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RECONSIDERING MODULARITY Carlos Endriga BArch 09 Degree Project online: www.cendriga-risd-dp.blogspot.com

Reconsidering Modularity is an inquiry into the processes of modular design and its implications and use in Architecture today. In reconsidering modularity and its relationship to universality and standardization, the thesis asks how a system that is universal be responsive to localized and individualized conditions.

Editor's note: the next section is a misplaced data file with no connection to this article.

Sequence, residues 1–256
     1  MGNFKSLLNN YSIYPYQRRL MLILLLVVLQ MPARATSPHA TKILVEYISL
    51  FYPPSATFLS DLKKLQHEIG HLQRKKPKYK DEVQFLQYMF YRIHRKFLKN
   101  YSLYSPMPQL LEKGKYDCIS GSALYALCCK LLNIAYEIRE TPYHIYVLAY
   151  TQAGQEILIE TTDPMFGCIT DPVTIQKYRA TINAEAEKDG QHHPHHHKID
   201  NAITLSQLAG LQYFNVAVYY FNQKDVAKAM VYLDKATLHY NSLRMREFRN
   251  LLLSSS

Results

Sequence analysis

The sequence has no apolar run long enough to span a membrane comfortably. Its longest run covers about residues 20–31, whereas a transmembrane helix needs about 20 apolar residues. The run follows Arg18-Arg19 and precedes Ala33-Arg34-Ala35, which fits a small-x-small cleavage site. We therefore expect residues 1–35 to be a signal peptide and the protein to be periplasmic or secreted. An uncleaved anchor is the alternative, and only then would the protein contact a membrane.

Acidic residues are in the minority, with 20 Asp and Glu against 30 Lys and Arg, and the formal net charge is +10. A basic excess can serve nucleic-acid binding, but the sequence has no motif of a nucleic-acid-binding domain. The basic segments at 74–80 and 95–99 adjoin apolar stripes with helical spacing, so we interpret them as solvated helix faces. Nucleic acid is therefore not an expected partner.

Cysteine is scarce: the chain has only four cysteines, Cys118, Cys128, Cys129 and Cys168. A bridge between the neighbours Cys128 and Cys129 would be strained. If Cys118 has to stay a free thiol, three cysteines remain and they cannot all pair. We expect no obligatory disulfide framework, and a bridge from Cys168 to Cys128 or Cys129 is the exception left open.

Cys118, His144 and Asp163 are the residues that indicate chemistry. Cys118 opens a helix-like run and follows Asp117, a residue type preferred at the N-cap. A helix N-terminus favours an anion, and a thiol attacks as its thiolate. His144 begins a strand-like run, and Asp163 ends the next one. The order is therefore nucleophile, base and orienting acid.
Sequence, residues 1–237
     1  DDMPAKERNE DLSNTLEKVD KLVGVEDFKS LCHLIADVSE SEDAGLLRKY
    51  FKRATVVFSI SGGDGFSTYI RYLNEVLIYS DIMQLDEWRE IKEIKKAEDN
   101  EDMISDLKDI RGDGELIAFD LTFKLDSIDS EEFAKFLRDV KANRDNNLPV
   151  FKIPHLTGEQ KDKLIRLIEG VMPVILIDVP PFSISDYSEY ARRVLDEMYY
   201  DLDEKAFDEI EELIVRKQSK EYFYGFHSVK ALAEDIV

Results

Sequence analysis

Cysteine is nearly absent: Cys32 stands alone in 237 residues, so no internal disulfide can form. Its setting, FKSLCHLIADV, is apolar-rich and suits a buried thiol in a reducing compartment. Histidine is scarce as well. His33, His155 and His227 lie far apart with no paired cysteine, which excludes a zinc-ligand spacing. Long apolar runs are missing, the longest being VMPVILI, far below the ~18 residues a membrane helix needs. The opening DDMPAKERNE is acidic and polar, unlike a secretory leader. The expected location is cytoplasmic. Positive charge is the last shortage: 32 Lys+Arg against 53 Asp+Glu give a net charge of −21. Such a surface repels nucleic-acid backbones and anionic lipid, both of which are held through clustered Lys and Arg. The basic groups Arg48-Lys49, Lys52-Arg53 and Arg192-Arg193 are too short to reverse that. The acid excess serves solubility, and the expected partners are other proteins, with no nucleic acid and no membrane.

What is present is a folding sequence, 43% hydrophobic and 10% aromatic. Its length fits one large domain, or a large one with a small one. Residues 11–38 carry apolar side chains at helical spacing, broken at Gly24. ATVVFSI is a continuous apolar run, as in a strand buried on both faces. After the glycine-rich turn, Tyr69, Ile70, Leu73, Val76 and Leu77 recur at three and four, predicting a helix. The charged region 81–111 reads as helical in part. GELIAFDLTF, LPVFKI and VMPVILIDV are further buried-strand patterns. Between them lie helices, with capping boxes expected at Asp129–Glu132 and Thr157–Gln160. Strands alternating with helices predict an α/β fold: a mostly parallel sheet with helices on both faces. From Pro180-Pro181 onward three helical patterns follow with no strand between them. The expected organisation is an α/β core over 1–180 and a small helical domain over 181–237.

Thesis Statement Can a universal modular system be responsive to specific and localized conditions? In architecture, modules can take on different scales and forms; from a single brick to a complete prefabricated living unit that is delivered on-site, or a complete structural unit as part of a larger high-rise. The nature in which these modular architectural systems are conceived rely on accepted industry standards of form and (human) proportions but lack the criteria to engage landscape . Responsive variation based on site specificity is the basis for reconsidering modularity. A reactive module seen as a cellular system of enclosure, envelope, and structure made responsive to the environment becomes a universally applied process that allows for dynamic variability. This thesis relies on the development of a procedural design process that taps into the computational, geomorphological and ecological fields. The process goes beyond the influence of the human scale and begins to understand that landscape as part of a system also informs us of unique interactions and movement. Understanding that landscape is integral to creating a system that is both universal in technique but localized in response is the first step in a modified process of modular design. By employing research methods in computational design and data driven analysis, the relationship between the particular and the universal is explored and methods of assembly are generated. The process allows for a system that derives its importance from its context and also reacts and adapts to evolving site conditions. Intelligent modules can allow reconfiguration, mutation and modulation in response to site. By incorporating technology, new materials, prototyping, and new fabrication techniques, this thesis aims for an efficient, waste reducing, streamlined modular production that addresses our current need for sustainability and a minimized carbon footprint. Through the use of 3D software programming and scripting, variations of studies will be generated, while environmental analysis software and datasets will be used bring in site information. Prototypes through the use of available digital fabrication methods on campus will generate iterations to help understand volumetric and spatial relationships. The proposed architectural project is demonstration of how the process of modularity can be at once universal and specific to the site. The scope of the project can range from an entire modular building or focus on specific building parts such as the skin. The program that will be developed will be one that is influenced by the chosen site and be benefited by an intelligent modular system.